Why Sagrantino is also good for Summer

By / Wine + Drinks / July 2nd, 2014 / Like

When I first tried wines made from the Sagrantino grape I thought to myself, “This is not a wine for the summer”.

So why on God’s green earth have I decided to write today’s column about Sagrantino?

Well first off I just returned from Montefalco, home of the Sagrantino grape, and tried this wine with an array of grilled meats, pastas and cheeses – and let me tell you, this is a wine that pairs perfectly with food, and especially the kind that come off the BBQ this time of year.

So don’t be fooled by the rough tannins because that acidity helps pair these wines perfectly with anything grilled (but also surprisingly with rich pasta and cheese).

… and look for an article about Sagrantino wine coming this October to the pages of Quench.

Col Santo 2008 Sagrantino ($42.75)

Round soft, juicy with lots of spiced-cherry and cocoa notes; there’s also plenty of acidity.

Antonelli 2007 Sagrantino ($49.00)

Aromas of cassis, blackberry and spice; with flavours rich in black fruit, spice and blueberry skin – robust tannins give it a drying mouth-feel.

Scacciadiavoli 2007 Sagrantino ($36.95)

Plum with black and blue berry fruit, chocolate and cherry round out the nose and follow through on the palate adding Christmas cake spice and chalky mineral, heavy on the tannins.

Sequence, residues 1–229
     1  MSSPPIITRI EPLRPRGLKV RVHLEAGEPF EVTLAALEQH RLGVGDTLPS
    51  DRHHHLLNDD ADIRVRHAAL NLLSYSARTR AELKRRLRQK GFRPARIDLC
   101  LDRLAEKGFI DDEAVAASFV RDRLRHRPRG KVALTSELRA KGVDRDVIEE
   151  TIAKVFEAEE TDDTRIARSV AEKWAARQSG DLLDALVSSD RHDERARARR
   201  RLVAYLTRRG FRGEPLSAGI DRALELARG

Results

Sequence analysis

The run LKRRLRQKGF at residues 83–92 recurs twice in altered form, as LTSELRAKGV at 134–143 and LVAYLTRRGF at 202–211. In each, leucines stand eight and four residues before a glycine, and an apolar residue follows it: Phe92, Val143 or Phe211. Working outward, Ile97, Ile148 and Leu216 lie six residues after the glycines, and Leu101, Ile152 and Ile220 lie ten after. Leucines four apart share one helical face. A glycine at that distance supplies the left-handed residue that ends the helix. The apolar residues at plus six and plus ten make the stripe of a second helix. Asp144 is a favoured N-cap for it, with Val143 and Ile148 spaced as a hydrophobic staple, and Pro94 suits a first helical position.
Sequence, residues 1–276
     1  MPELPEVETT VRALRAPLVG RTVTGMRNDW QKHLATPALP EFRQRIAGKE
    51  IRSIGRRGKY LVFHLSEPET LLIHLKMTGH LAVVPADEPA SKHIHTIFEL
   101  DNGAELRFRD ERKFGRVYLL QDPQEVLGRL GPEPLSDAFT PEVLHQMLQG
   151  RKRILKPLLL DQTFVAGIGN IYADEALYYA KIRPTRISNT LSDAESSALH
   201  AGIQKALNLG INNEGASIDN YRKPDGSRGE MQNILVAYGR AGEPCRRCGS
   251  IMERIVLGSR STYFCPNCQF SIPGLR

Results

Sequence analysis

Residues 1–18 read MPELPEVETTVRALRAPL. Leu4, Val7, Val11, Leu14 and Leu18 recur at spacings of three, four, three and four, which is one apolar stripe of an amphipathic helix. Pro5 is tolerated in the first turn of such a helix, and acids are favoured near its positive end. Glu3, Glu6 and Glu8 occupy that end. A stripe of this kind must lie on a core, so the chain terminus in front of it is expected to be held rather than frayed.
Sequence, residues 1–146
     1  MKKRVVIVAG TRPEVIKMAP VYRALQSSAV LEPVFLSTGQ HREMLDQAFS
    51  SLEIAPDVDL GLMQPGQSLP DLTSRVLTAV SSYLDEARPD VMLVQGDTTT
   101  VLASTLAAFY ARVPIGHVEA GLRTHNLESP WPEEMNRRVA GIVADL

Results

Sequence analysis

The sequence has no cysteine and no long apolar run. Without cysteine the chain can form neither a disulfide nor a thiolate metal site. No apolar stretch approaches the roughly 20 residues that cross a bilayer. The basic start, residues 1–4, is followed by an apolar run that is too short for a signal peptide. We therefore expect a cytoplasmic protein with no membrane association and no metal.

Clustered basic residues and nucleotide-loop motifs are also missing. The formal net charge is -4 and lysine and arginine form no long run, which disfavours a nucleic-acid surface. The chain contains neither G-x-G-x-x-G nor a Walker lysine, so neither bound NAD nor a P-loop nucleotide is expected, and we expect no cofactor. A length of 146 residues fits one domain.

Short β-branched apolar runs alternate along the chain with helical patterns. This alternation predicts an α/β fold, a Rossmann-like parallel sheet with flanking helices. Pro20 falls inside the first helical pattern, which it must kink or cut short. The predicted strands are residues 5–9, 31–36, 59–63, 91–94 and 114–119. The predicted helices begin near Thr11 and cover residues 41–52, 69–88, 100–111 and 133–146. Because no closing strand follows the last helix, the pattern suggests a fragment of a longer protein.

For more wine suggestions, see our other #WineWednesday posts.



Michael is an award-winning journalist: Promoting the Promoters Award Cuvée 2010 and Ontario Wine Awards Journalist of the Year 2012.  He is also a national and international wine judge - Ontario Wine Awards, All Canadian Wine Championships; Best of Riesling — Germany; Essencia do Vinho — "Top Wines of Portugal".  He is currently the President of the Wine Writers Circle of Canada and the wine columnist for Ottawa Life and Grand magazine as well as regular contributor to Tidings, and Grapevine ... his reviews have also appeared in the LCBO Vintages magazine. Michael has also added a YouTube channel to his activities where he reviews bottles of great Ontario wine on a weekly basis. In whatever he does, it is Michael’s desire to educate, inspire and encourage others to grow their own love and enthusiasm for wine – and to realize that it is their palate that ultimately makes the decision.

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